Anesthesia: Masks

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Anesthesia Masks

Anesthesia Cone Masks can be installed onto one anesthesia operation platform for delivery anesthetic gases to animal’s nose
Anesthesia Cone Masks
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Feline / Canine Masks These masks provide a convenient way of artificial ventilation or administration of anesthetic gases
Feline / Canine Masks
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Anesthesia Cone Masks can be installed onto one anesthesia operation platform for delivery anesthetic gases to animal’s nose
MRI Compatible Active Anesthesia System
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MRI Compatible Mask Package Anesthesia
MRI Compatible Masks Package
$203.00 – $286.00
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Modified Mapleson D System - Non Rebreathing Circuit (Bain Coaxial)
Non Rebreathing Circuit
$75.00 – $90.00
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Standard Passive Anesthesia System: 5 Channel Cone Mask
Standard Passive Anesthesia System: 5 Channel Cone Mask
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Anesthetic face masks are usually cone-shaped, and their sizes vary depending on the size of the subject. Face masks selected should be of a snug fit and should not obstruct the mouth or nose of the subject. Small, transparent masks fitted with flexible rubber diaphragms prove to be useful in a large array of animals and birds. The snug fit ensures that the masks are not too large for the animal and prevent the re-inhalation of expired gases. Face masks that incorporate waste anesthetic gas removal (Hunter et al., 1984) are ideal for preventing exposure-related hazards to the personnel.

Breathing systems are used for the delivery of oxygen, removal of exhaled carbon dioxide, and ensuring sufficient anesthetic gases, meeting the animal’s requirements, are delivered. Although anesthetic chambers are useful when used for small animals that are difficult to restrain, they require the removal of the subject from the chamber to allow for surgical procedures. Thus, breathing systems make for a better option as opposed to the anesthetic chambers.

Apparatus and Equipment

The open face mask is the most widely used breathing system, which provides a simple and convenient way of delivering anesthetic agents to the subject. For these systems, the gas flow should be sufficiently high to avoid rebreathing of exhaled gases and the dilution of anesthetic gases. The expired gases pass around the edges of the face mask.


The open breathing system is one of the most widely used systems in the anesthetization of laboratory animals. While using these systems, appropriate measures should be taken to derive their full potential. The gas flow used should be sufficiently high to avoid rebreathing of expired gases and the dilution of the anesthetic agents.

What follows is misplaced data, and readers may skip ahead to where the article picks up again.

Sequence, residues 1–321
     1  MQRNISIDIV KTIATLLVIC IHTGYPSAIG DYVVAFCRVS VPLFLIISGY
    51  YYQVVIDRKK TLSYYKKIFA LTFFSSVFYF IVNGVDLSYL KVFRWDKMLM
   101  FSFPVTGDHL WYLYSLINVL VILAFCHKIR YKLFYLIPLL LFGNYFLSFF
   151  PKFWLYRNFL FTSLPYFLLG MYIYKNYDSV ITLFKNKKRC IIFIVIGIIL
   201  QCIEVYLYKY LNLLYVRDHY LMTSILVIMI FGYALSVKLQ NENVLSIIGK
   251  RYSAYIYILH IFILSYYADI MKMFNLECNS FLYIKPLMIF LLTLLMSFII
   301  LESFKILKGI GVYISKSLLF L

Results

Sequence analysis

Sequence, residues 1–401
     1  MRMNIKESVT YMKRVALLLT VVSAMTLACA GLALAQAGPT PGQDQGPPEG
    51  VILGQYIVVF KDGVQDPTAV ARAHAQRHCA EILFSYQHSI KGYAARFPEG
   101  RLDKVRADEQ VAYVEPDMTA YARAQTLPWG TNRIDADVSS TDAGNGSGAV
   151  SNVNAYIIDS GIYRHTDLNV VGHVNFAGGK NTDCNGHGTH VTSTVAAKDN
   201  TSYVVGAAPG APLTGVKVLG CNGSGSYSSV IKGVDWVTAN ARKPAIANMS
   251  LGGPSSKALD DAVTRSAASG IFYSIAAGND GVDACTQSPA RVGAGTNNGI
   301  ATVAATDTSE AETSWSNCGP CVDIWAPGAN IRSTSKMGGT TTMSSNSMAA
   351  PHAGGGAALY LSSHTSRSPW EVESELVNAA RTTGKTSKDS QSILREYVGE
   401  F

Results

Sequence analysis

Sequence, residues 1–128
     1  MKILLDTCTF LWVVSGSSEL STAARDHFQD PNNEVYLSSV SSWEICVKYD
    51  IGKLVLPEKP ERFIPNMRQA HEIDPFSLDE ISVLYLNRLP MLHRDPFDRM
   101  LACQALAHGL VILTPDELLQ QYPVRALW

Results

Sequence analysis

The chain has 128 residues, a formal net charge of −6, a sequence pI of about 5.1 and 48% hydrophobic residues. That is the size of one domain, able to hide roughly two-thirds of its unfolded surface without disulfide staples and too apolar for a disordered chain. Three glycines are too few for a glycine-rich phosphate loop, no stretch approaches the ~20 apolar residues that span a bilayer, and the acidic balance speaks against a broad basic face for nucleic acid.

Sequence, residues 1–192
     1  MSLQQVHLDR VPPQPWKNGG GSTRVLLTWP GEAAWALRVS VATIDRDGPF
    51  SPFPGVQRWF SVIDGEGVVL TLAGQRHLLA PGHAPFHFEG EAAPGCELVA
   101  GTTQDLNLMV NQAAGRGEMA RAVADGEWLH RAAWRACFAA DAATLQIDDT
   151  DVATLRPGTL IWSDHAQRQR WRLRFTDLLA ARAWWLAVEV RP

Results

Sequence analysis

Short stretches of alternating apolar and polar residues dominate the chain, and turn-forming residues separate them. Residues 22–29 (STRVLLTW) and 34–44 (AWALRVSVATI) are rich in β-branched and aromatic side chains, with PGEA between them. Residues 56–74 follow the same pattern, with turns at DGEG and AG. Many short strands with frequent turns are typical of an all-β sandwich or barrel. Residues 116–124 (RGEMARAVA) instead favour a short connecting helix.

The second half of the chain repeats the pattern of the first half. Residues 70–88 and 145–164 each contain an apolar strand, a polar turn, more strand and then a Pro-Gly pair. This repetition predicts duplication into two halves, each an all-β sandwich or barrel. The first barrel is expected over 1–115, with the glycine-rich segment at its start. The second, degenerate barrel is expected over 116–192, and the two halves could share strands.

While using face masks, it should be ensured that the masks fit snuggly around the muzzle of the subject without obstructing the nose or mouth. The size of the face masks is also a critical factor in ensuring that re-inhalation of expired gases does not take place. When using face masks, especially in small subjects, preventive measures to avoid displacement of the masks must be taken. Face masks should be thoroughly cleaned using warm soapy water or when possible sterilized using ethylene oxide.


Although a simple system, the open breathing system has its drawbacks. The system requires sufficiently high gas flow rates, especially in large animals. Further, removal of waste anesthetic gases is difficult in the open breathing system due to the use of face masks. The system also makes assisted ventilation difficult to administer should the need arise; the experimenter has to rely on manual chest compressions.

Though concentric face masks are in use for small animals and assist with the removal of the WAGs, these do not function similarly in concept to the Bain coaxial breathing system. Thus, they require gas flow appropriate to an open breathing system. However, current concentric face masks offer too high gas extraction rates.

Accommodating these rates could result in a significant economic loss concerning the wastage of anesthetic gases. Low flow face masks could serve as an alternative to these masks.


  1. Ayre, P. (1937). Anæsthesia for hare‐lip and cleft palate operations on babies. British Journal of Surgery, 25(97), 131–132
  2. Flecknel, P. (2009). Laboratory Animal Anaesthesia. Elsevier.
  3. Hunter, S. C., Glen, J. B., & Butcher, C. J. (1984). A modified anaesthetic vapour extraction system. Laboratory Animals, 18(1), 42–44

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